Shares of offshore drilling contractor Seadrill Ltd. (NYSE:SDRL) are up 28.8% at noon EDT on Oct. 4, following a report by Bloomberg that its chairman and largest shareholder, John Fredriksen, was preparing to lend the company as much as $1.2 billion.
This is potentially a huge positive for Seadrill, which faces $2.4 billion in debt maturities between now and mid-2017. The company had about $1.3 billion in cash on its balance sheet at the end of last quarter, an amount that could potentially shrink by the end of the current quarter, as more vessels come off contract and its operating cash flows fall. Furthermore, Seadrill's market capitalization -- even after today's big bounce -- is barely $1.4 billion, giving it very little leverage to use stock to pay down its short-term debt.
Fredriksen holds more than 20% of Seadrill's shares through various entities he controls, primarily a family trust, so it would certainly be in his best interest to help the company deal with its short-term debt obligations.
This could be fantastic news for Seadrill, which is certainly under the gun to deal with major debt over the next nine months. The company has the cash to deal with the $400 million debt maturing near year-end, but won't have close to the capital needed to pay off the $2 billion due mid-2017, and must count on refinancing to deal with a significant portion of that.
In light of an offshore drilling environment that has only continued to worsen in recent months, the company should be taking steps to retain cash at this point, not pay it out. And if Fredriksen's participation in refinancing its debt is part of the answer, that's great.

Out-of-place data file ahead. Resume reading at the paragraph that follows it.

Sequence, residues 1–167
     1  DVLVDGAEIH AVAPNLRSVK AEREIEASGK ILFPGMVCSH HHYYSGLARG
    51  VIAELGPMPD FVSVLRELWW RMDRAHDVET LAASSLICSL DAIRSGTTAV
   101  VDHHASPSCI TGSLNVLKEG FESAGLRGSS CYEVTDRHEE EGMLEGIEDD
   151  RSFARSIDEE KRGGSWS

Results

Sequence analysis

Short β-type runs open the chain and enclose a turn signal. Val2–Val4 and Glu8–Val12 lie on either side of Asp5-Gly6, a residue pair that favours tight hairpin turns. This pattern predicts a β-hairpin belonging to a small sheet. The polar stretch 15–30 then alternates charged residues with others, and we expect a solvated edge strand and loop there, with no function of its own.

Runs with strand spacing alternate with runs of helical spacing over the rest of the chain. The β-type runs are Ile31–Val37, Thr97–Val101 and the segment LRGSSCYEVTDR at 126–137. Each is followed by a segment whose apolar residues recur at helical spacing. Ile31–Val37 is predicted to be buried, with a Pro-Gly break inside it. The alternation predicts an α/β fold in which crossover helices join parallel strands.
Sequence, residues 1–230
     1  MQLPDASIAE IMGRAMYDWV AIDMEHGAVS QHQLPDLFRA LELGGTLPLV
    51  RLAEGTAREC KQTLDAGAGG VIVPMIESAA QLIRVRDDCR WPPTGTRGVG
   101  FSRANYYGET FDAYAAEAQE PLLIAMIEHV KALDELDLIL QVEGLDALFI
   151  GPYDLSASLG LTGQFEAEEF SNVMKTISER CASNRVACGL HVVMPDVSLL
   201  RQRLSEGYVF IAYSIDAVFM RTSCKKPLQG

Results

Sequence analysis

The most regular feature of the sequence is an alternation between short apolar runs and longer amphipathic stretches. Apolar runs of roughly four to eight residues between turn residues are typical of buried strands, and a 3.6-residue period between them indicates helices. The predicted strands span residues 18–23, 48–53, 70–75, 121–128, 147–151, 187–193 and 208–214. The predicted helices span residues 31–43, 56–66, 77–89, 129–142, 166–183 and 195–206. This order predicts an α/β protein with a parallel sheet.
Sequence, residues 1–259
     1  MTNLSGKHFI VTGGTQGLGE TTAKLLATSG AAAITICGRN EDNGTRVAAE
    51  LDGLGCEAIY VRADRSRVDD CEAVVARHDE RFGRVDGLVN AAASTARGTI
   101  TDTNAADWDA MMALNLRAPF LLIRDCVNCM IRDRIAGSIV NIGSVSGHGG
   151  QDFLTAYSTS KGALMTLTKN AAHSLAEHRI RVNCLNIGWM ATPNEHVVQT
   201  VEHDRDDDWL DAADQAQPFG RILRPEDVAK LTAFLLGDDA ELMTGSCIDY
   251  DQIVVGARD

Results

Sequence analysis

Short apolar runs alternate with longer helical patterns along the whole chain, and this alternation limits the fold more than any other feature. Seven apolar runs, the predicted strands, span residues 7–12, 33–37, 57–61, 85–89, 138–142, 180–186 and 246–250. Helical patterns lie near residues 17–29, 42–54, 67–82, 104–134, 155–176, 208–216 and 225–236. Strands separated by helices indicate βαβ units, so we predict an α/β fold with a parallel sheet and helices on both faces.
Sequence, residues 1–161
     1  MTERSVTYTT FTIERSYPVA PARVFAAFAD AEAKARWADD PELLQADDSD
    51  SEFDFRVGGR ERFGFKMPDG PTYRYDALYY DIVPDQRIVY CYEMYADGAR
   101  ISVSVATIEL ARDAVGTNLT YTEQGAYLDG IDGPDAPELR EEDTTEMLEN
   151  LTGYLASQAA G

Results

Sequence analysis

But we've heard this song before -- or at least a similar one. As recently as March, Seadrill stock soared to above $6 per share on rumors that Fredriksen was getting ready to lend the company a substantial amount of money. Here's what Seadrill's stock has done since those rumors came out:
Bottom line: It can be very tempting to act on this kind of unofficial information, and it's possible that a deal that removes Seadrill's short-term debt risk is imminent. But at the same time, there's the very real risk that nothing comes to fruition; after all, the $1.2 billion Fredriksen is rumored to be willing to lend the company would cover only half of its upcoming debt. So the company still needs banks to pony up another $1.2 billion.
If a deal happens, fantastic. But until it does -- and especially since there's some indication that offshore drilling is starting to recover -- it's probably best to remain on the sidelines for now.